Rachael Maskell is correct, freak weather events cause rivers to rise and flood (We can’t just build higher flood walls’, The Press, February 25).

However, falsely blaming grouse moors for flooding is irresponsible and is feeding off the distress and misery of those affected by the floods to further anti-shooting propaganda.

Well-managed grouse moors in the uplands play a vital role in soaking up rain in the upper catchment. Ongoing flood prevention work will continue on grouse moors, from blocking drainage grips to planting trees in the right locations to help prevent flooding downstream.

There is no simple answer to fix the flooding issues of the Ouse and other rivers and it will involve a holistic management approach across the whole catchment.

Gareth Dockerty,

Uplands officer,

The British Association for Shooting and Conservation,

Marford Mill


Many birds benefit from moorland burning

Mike Potter makes several interesting points in his letter (Benefits of a ban on moorland burning, February 25).

Whilst climate change was unquestionably a factor in the Australian wildfires many of Australia’s indigenous people have strongly criticised the current land management policies that have curbed traditional burning polices (which they have been utilising successfully for 60,000 years).

Dismissing the possibility of wildfires on Yorkshire’s moorland based on the “chillier” weather is over-simplistic – the 2019 wildfire on Caithness’s Flow Country (which doubled Scotland’s entire carbon emissions for the six days that it burned) is proof that living in a cooler climate is no guarantee against wildfires.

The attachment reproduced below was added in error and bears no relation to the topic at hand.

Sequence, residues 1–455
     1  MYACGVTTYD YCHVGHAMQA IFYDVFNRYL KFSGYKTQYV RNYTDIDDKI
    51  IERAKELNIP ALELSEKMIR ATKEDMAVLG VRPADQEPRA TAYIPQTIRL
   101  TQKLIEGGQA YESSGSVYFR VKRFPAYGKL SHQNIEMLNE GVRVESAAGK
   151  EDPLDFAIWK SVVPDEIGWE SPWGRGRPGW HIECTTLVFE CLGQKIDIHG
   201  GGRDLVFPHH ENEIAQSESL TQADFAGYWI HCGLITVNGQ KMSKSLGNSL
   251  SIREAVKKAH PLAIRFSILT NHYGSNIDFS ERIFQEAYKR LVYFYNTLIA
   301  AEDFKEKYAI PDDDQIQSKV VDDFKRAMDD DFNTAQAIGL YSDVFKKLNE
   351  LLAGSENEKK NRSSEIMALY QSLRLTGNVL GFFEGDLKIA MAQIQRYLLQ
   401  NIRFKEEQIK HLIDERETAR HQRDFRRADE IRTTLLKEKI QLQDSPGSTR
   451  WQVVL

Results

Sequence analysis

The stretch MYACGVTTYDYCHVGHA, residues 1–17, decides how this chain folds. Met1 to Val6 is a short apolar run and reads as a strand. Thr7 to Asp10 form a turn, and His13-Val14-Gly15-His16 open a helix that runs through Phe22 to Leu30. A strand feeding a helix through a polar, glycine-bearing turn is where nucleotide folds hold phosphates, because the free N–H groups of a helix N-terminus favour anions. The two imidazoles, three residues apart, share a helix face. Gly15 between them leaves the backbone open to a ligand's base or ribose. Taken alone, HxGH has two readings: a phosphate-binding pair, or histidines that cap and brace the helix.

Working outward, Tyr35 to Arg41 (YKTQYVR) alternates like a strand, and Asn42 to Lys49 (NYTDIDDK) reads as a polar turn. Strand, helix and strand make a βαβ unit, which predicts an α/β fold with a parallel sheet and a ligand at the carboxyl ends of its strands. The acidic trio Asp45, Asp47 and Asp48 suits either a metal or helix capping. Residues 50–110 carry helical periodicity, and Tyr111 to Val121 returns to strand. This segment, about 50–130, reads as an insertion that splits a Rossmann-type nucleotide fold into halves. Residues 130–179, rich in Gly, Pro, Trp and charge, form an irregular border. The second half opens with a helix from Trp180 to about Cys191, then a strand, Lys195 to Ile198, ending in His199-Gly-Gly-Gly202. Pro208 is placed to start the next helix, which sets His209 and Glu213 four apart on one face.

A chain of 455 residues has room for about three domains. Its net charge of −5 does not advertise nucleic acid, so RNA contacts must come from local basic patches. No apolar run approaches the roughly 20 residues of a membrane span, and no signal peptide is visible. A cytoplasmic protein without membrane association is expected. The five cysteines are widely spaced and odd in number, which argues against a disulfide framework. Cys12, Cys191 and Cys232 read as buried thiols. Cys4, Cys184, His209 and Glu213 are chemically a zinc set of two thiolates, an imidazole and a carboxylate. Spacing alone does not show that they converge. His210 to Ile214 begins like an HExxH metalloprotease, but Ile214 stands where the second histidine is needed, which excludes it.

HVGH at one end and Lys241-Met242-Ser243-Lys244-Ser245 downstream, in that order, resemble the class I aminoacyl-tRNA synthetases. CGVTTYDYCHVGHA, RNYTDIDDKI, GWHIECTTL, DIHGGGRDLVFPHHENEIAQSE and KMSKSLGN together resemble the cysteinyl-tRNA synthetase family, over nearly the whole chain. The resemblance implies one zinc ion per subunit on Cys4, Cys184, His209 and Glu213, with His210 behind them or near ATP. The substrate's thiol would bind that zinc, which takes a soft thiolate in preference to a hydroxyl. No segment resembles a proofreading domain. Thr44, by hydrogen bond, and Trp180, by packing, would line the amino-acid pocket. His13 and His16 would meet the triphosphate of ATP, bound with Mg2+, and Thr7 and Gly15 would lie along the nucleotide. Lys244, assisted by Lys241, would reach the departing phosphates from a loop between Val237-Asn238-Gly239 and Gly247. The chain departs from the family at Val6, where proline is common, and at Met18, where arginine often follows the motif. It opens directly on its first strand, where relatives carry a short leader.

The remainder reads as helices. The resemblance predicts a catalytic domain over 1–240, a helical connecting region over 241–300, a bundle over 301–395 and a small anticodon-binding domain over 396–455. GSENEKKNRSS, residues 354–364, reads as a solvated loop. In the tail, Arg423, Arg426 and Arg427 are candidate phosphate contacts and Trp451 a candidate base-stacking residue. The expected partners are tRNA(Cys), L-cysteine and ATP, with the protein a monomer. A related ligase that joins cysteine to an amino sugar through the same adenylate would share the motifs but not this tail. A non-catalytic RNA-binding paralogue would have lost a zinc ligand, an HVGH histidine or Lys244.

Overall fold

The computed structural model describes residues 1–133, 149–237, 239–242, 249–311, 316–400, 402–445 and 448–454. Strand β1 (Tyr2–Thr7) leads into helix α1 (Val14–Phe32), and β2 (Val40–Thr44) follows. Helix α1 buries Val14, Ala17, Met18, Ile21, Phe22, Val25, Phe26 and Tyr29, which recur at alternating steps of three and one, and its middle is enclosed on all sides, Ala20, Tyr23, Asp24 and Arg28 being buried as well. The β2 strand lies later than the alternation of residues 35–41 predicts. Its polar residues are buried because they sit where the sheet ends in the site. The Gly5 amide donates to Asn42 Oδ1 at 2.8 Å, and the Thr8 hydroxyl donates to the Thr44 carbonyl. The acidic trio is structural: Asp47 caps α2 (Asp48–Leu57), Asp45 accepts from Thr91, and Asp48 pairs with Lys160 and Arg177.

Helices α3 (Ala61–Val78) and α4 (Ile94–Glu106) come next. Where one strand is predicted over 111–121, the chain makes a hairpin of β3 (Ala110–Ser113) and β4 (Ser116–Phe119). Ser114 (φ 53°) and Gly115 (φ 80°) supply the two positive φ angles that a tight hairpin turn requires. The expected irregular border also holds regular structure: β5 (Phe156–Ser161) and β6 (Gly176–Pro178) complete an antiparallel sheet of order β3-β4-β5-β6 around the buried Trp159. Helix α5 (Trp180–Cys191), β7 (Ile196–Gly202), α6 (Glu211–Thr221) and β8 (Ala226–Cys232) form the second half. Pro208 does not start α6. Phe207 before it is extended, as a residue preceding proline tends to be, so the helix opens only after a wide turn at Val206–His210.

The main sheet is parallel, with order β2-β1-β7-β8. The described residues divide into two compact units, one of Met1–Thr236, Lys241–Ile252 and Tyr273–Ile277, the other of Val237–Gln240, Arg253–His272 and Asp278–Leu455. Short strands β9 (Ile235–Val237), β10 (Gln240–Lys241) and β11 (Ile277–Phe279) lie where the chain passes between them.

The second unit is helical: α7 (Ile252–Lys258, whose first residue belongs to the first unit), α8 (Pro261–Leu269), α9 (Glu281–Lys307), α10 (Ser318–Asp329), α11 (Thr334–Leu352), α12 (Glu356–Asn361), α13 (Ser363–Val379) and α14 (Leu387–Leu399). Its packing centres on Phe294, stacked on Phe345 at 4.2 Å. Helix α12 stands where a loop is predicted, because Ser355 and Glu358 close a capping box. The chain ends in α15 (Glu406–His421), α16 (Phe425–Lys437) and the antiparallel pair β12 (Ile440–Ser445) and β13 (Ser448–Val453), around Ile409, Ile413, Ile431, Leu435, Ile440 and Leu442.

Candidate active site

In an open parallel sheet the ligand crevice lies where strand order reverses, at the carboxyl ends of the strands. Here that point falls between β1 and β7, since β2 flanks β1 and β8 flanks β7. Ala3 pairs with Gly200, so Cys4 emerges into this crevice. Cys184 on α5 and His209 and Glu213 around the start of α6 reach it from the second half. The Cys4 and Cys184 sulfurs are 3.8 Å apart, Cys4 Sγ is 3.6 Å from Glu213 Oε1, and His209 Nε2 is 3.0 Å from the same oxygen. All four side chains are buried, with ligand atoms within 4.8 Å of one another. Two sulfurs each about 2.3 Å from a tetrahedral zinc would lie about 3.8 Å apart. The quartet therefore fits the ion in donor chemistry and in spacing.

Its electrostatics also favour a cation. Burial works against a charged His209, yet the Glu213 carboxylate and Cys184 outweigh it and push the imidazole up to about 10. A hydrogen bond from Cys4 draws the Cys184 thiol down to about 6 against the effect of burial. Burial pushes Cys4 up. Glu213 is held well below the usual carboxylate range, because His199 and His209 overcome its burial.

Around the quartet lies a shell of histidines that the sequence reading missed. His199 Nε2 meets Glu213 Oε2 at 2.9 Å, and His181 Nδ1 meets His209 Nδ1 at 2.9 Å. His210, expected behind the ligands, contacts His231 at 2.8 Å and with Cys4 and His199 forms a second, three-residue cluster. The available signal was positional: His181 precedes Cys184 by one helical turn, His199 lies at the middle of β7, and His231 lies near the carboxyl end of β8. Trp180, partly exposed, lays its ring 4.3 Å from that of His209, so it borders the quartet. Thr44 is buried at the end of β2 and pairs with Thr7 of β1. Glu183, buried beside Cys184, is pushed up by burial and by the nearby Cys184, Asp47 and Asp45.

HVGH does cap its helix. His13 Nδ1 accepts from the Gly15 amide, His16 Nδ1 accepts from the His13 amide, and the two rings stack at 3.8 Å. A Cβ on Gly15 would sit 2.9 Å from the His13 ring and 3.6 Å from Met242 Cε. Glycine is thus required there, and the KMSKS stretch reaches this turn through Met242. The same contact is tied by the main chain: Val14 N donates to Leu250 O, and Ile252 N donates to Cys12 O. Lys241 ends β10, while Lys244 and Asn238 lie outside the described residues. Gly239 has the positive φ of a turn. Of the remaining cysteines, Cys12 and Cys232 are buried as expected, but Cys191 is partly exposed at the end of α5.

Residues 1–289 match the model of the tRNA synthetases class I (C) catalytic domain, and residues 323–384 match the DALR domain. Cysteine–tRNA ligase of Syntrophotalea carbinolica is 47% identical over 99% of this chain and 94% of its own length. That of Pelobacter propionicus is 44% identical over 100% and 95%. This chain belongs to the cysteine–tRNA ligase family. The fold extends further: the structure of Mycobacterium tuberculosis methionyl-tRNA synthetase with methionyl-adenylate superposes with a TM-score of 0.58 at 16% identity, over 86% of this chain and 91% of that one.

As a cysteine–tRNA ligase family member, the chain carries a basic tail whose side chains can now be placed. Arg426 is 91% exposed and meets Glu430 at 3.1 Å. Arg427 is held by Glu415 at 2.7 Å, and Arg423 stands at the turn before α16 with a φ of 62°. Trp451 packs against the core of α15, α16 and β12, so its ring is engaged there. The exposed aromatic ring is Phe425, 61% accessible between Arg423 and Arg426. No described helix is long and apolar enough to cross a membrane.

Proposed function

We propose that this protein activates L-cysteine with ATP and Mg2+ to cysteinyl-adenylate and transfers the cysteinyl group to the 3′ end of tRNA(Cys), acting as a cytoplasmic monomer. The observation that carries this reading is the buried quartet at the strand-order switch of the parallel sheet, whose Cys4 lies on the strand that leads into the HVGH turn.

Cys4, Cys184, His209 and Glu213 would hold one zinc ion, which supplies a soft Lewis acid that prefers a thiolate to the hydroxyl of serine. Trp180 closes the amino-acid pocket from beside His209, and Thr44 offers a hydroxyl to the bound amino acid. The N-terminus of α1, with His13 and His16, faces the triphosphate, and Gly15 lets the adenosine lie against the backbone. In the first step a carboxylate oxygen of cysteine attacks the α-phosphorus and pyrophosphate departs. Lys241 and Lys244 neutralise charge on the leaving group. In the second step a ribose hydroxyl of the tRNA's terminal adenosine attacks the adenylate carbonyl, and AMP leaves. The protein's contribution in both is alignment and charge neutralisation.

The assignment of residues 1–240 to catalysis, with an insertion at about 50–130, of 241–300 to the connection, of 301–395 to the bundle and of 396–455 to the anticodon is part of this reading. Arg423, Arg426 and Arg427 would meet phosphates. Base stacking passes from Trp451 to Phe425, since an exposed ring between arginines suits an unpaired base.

A recent review by the West Yorkshire Fire and Rescue Service recognises controlled burning as a safe, effective and very efficient suppression method for our moorland.

A paper on the Impact of Management on Avian Communities in the Scottish Highlands shows that curlew, which the RSPB consider the UK’s species of highest conservation concern, are more abundant as the percentage of recently burnt ground increases.

Golden plover have also been proven to prefer to nest in areas of heather, particularly where burning has occurred in the last five years.

And it is not just waders which benefit – last year reported sightings from 14 grouse moors by gamekeepers on the North York Moors revealed 25 pairs of Merlin displaying breeding behaviour – with at least 56 young Merlin observed on the wing, suggesting a high rate of successful fledging.

I extend an invitation to Mr Potter to visit us up on the moors to see the fantastic conservation work we are doing, and the wildlife that has benefitted, for himself.

George Winn-Darley,

Buttercrambe, York